The NPS can be another big tax-saver in the salary package. Under Section 80CCD(2), up to 10% of the basic salary put in the NPS on behalf of the employee is tax-free. It is a voluntary benefit and the employee is free to opt out if he thinks it doesn’t suit him. The NPS benefit can reduce the tax liability of the individual significantly, especially in the higher tax brackets. If your basic salary is Rs.1 lakh, and the company puts Rs.10,000 in the NPS on your behalf, your annual tax will reduce by almost Rs.37,500.

Readers should note that this tax break is over and above the Rs.1.5 lakh deduction under Section 80C and the Rs.50,000 deduction for NPS contributions under Section 80CCD(1b). What’s more, this tax benefit can be availed of even under the new tax regime. “The tax benefits and features of the NPS are unmatchable, but there is very low awareness about the pension scheme among HR professionals,” says Nehal Mota, Co-founder of wealth advisory platform, Finnovate.

This is evident from the lukewarm response to the pension scheme. Though the Section 80CCD(2) option has been there for more than eight years and companies are increasingly opting for this tax-saving opportunity, there are only 19 lakh subscribers under the corporate NPS category. Hyderabad-based financial adviser Nitin Vyakaranam, who provides financial wellness advice to employees of corporates, says barely 5-6% of employees opt for the NPS benefit. This is surprising because tax deductions have traditionally been the biggest driver of investment decisions.

10 perks that can cut tax

If a taxpayer in the 30% bracket gets even 7-8 of these perks, his annual tax outgo can reduce by more than Rs.1 lakh. Some perks have specified limits, but for others the amount should be reasonable. Actual bills are required for tax exemption.

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“For some people, saving for a long-term goal that stretches too far into the future is not a priority. They cannot visualise themselves in that situation when they are young,” says Vyakaraman.

Besides the tax breaks it offers, the NPS has everything one may look for in a retirement product. The pension scheme is tightly regulated by the PFRDA, making it very safe and secure. The fund management and other expenses are very low compared to the charges in mutual funds and insurance plans. There is a high degree of flexibility and transparency in the way that the scheme works.

Consultants pay less tax

In recent years, many professionals have opted to leave full-time jobs and become consultants. This gives them some tax advantages, but they also have to forgo the benefits of being a full-time employee. Consultants can claim deduction for workrelated expenses, such as fuel and transportation, telephone, Internet, and even the depreciation of fixed assets. However, they are essentially running a business, so one has to maintain books of accounts and get an audit report in case the gross receipts exceed Rs.25 lakh in a year.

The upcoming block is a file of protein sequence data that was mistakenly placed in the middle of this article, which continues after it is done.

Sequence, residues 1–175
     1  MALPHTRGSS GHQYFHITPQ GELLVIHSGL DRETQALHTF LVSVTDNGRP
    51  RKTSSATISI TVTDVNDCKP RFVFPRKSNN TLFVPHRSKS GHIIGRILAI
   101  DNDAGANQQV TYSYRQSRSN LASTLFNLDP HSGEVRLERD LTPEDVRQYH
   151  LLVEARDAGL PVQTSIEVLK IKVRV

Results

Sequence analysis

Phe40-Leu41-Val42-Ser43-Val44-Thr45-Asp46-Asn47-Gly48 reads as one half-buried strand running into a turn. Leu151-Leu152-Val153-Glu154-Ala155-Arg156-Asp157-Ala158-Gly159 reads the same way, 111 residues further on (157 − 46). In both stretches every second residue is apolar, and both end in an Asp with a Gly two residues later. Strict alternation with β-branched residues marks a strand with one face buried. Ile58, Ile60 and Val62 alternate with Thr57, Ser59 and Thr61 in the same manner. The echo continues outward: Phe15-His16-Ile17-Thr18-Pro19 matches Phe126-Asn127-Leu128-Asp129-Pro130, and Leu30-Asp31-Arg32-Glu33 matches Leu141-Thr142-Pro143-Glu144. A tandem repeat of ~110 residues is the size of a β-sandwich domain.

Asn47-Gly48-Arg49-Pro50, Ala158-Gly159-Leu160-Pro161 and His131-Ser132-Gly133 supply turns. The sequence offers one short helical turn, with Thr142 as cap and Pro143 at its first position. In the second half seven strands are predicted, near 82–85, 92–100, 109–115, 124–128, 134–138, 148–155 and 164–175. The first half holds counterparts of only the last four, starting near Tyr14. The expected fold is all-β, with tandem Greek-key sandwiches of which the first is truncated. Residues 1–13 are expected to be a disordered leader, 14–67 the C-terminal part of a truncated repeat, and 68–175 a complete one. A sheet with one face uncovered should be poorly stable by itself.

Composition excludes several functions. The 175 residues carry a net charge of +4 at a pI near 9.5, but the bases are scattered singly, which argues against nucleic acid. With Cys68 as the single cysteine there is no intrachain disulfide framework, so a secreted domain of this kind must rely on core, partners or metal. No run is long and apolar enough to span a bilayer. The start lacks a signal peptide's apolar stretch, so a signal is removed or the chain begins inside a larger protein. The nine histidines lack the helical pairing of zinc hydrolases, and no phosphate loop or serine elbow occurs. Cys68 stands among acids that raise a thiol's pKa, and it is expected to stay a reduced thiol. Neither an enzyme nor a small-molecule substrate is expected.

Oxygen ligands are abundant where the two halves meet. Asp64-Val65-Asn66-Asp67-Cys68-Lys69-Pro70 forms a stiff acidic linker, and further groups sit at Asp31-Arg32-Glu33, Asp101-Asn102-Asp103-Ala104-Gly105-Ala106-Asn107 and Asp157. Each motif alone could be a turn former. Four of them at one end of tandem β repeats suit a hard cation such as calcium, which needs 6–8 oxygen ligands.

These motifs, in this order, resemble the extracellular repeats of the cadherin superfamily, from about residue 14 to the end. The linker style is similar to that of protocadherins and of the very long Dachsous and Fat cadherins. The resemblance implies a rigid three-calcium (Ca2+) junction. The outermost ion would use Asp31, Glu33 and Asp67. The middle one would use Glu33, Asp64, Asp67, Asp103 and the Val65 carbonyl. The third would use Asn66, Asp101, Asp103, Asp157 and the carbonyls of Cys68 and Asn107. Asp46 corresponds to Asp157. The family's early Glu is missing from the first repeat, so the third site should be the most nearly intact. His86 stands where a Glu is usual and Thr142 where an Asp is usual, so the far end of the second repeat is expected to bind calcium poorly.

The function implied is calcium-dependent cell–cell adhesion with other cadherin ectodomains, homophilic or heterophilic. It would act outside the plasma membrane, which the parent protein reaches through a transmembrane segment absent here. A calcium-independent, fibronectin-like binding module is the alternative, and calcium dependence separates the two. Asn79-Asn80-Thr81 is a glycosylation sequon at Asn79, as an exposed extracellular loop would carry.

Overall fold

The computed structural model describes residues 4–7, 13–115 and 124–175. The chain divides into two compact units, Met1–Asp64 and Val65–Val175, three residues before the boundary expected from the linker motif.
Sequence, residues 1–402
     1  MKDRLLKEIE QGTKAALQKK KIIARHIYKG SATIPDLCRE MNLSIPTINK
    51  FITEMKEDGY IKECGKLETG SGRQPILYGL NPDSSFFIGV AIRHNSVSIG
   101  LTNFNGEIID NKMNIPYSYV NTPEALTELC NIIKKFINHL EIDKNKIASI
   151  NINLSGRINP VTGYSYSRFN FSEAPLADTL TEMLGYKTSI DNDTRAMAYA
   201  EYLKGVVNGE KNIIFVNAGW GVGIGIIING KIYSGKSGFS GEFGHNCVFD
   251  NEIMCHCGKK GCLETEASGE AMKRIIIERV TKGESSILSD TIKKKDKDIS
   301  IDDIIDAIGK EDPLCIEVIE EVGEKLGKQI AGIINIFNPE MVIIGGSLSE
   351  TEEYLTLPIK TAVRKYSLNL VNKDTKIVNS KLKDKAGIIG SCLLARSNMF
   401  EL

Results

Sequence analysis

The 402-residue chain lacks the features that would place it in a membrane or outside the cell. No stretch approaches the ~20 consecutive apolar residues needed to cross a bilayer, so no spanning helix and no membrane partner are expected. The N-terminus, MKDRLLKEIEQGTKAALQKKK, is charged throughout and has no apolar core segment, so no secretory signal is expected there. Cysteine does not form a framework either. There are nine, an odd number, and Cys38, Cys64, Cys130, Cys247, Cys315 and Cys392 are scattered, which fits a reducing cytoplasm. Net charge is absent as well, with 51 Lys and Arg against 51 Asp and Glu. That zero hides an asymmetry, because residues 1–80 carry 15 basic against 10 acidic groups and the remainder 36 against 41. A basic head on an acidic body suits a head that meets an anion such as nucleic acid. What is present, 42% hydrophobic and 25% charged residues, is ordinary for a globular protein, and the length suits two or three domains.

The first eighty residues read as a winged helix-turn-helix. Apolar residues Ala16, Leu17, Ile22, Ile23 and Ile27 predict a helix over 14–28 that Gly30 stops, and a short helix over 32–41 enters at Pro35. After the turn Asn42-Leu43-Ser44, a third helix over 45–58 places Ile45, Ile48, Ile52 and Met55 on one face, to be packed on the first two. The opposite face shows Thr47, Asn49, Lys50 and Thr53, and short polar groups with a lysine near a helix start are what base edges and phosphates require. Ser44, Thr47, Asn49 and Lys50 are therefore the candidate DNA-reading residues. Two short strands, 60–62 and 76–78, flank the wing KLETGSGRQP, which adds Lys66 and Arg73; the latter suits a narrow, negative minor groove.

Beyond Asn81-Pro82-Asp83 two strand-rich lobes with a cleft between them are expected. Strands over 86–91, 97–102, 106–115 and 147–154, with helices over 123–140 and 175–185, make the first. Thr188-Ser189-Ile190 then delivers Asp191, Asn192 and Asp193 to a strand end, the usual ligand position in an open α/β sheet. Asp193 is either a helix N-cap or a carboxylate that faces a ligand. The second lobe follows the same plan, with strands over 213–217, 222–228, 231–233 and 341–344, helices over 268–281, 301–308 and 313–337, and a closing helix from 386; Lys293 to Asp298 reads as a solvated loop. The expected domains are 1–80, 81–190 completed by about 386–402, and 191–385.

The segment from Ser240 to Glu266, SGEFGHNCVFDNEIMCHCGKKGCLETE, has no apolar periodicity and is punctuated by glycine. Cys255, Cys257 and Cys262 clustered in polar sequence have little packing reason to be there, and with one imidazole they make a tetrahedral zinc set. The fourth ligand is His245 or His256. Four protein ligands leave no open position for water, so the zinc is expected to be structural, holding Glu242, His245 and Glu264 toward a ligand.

However, the introduction of the presumptive taxation option in 2017 has made things very convenient for those working as consultants. Under Section 44ADA, individual professionals are exempted from maintaining books of accounts. A flat 50% of income is presumed to be expenses and they have to pay tax only on the balance 50%. So, if you are a consultant with an income of Rs.20 lakh, under presumptive taxation, you will be taxed only for Rs.10 lakh.

Consultants are also not eligible for many benefits offered to regular employees, including group health insurance, Provident Fund and all the allowances in a compensation package. All they get is a flat payment after a 10% TDS. This increases the take-home pay for the individual, but financial planners warn against opting for this arrangement. They say regular salaried employment allows one to build longterm savings through the Provident Fund and other terminal benefits.

Consultants also have to spend more time on tax compliance. If gross income exceeds Rs.40 lakh, one has to mandatorily register for GST. This also means filing GST returns every month. At the same time, the GST paid on goods and services purchased for one’s work can be offset against the GST paid by the company.

How much tax can you save?

Restructuring the salary can lead to a significantly lower tax.

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Note1: This is the oldest salary structure with very few allowances and mostly taxable emoluments. The tax outgo is very high for those who work in such companies.

Note2:A higher LTA and some more tax-exempt allowances help bring down the tax to a reasonable level for the employee. But there is scope to save more tax.

Note3: Packing in more tax-free perks lowers the tax outgo. The NPS benefit is the change that makes a big difference. But not many companies offer this benefit.

William Murphy